Bubbles the baby whale quilt is quite photogenic, most of the time!
This goofy (or is it mischievous) little smile reveals the character of Bubbles the baby whale quilt, made with both beautiful sides of fabric.
So how does this Marine hide behind these 36 inch square quilts for photo sessions? Very strategically.
First, he starts with a very low, very small, foldable beach chair and positions himself as follows. He tucks his toes into the sand, as close to the chair as possible. Next, he removes the camo boonie cover (i.e. floppy hat) from his head and secures it on his knee.
After a nod to the photographer (me), he simultaneously drops his head and lifts the quilt, holding it taut and level. Mind you, he can only lift the quilt high enough to avoid the sand, but not reveal his toes, legs or anything else!
Before I share the outtake of Bubbles the baby whale, take a look at some of these great shots he allowed me to take:
Quilt shops everywhere are opening boxes of Hoffman California’s beautiful “Meet Me in Paradise” fabric used to make the Tropical Sunset quilt pattern!
Before I started designing patterns, I had no idea how short the window is for designing and making quilts for fabric companies. To get the fabric produced and shipped takes much longer!
Sometimes I’ve had less than a week to open a box of fabric, design and make a quilt, write the pattern, photograph the quilt and ship the quilt from Missouri to California. Whew!
Of course, many quilt designers use digital software to “build” their quilts. Fabric companies have digital swatches to download for designing. They can plan the quilt and insert the fabric without taking a stitch. However, fabric companies don’t make swatches of the REVERSE side. Enter the need for real fabric!
For this design, I used my Ipad and the app called Procreate. This is a great drawing and painting app that’s easy to learn and fun to use. In Procreate, you can also make clippings masks of objects (in this case, the photo of the fabric). That’s how I “drew” the bouquet. Here’s the sketch I send to my representative to “pitch” my quilt idea:
As you can see, there’s quite a difference from the sketch to the actual quilt. Things don’t always work like you picture them in your head, right? Sometimes, they are much better in real life and real fabric!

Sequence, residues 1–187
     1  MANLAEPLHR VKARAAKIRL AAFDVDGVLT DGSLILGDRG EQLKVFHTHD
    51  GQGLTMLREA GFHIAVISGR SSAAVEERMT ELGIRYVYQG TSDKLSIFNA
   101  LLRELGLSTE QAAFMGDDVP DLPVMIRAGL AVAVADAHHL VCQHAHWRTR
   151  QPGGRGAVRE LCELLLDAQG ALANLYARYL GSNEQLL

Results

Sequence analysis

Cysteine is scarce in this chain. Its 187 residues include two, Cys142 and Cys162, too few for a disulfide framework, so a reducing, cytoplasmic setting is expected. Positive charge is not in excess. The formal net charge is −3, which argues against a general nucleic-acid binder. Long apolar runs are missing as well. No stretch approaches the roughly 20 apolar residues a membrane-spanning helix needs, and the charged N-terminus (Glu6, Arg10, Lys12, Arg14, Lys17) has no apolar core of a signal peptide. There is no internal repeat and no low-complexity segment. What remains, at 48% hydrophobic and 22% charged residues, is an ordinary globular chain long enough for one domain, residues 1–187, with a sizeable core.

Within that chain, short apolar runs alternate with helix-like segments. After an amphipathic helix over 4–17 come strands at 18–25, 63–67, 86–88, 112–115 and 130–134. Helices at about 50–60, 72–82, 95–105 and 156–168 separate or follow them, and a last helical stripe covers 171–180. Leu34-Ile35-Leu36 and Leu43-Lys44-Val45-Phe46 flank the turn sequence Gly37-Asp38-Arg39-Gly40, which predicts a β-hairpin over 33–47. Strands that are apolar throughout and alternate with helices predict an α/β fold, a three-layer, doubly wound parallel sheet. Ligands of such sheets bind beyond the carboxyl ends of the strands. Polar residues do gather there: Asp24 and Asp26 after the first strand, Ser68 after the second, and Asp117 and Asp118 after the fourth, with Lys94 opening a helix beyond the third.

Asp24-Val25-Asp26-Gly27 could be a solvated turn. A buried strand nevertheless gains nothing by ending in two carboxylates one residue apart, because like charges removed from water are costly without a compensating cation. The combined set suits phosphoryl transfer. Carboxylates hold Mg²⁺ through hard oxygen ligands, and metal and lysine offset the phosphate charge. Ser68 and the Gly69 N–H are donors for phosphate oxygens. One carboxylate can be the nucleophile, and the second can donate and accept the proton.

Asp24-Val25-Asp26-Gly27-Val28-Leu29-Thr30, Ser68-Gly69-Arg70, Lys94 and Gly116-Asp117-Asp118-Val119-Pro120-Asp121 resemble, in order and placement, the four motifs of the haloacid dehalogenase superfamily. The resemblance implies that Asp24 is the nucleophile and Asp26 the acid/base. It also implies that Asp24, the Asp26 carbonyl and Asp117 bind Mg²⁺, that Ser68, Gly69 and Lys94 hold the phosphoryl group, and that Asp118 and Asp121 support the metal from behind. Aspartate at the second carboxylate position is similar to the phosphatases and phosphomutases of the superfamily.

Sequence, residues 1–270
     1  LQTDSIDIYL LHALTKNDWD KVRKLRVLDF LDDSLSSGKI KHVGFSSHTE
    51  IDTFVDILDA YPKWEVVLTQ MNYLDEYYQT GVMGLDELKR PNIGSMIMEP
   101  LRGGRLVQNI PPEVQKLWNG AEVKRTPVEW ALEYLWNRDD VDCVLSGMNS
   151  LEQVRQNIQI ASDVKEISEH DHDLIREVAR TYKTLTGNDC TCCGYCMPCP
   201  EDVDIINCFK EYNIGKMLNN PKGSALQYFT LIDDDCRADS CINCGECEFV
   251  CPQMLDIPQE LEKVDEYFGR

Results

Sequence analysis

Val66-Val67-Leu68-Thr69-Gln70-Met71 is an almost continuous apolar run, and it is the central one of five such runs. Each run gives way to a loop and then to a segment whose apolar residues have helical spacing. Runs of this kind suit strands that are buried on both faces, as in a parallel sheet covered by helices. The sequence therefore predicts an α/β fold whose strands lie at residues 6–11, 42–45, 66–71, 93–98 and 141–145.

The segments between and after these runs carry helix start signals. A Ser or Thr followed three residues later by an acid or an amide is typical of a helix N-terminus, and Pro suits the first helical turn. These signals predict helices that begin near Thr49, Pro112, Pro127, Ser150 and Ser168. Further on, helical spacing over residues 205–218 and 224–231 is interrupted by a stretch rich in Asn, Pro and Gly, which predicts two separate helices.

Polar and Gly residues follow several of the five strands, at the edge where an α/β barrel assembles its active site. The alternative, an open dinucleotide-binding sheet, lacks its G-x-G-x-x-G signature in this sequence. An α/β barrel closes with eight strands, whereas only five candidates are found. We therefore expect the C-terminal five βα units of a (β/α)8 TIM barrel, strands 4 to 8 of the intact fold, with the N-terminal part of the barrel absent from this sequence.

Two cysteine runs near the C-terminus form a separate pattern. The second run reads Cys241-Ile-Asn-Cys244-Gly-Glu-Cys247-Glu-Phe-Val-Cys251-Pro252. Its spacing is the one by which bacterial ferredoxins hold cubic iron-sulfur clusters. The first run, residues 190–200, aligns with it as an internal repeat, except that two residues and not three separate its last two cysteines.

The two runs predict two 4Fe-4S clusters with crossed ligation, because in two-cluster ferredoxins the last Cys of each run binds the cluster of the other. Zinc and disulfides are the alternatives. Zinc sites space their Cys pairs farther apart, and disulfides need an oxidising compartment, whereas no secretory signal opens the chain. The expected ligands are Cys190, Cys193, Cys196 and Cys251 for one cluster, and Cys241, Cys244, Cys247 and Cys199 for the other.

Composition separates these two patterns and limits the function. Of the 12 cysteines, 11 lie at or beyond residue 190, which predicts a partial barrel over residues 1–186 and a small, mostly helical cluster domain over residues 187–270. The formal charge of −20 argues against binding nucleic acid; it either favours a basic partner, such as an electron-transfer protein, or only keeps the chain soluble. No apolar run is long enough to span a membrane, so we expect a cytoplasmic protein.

I love that the “wallpaper” border made from the reverse of one coordinating fabric. If you’ve made a #usebothsides quilt pattern before, you know it’s important to audition both sides of fabric with itself (focus) and with surrounding (background, border) fabrics to know if they will actually have enough contrast. That “wildcard” is what makes getting a box of fabric a whole lot exciting and a little bit scary! This is one line that is PERFECT for using both sides!
See more about Tropical Sunset Quilt Pattern HERE.
As orders for patterns come in, I’ll be sharing links to the shops so you can do some online paradise shopping!
Lil’ Susie is a cute mini art quilt made with both sides of one focus fabric!
Find a favorite floral fabric and some scrappy background fabrics. Snag yourself an bit of time and make up this mini art quilt TODAY!
Lil’ Susie is a mini art quilt that’s a pint-size of fun!
Lil’ Susie is a miniature version of similar #usebothsides patterns. You use value to audition and choose fabrics. Notice the mason jar is a lighter version of the floral focus fabric? It’s the reverse! There’s no tracing of flowers onto fusible, because you cut straight from your fabric motif.
Choosing a focus fabric is key.
Size is something to consider when you choose your floral focus fabric. The larger the motif, the fewer you need to cut. Of course, the smaller the printer, the more you need to cut. There’s so need to fret over the cutting, because these quilts don’t require timely precision cutting. Lil’ Susie is a miniature quilt. Therefore, you can choose a fairly small print and still enjoy the process!
Each #usebothsides patterns teaches you how to audition both sides of your focus fabric and backgrounds fabrics. It’s easy to do and once you know how, you may never look at one side of fabric again! You also get a bonus in each pattern: Prairie Point Hanging Method.
Need a larger mason jar bouquet quilt? Read about Grace HERE.
Christmas (Quilts) in July? Yes, it’s a thing! Ours is a craft that requires lead time!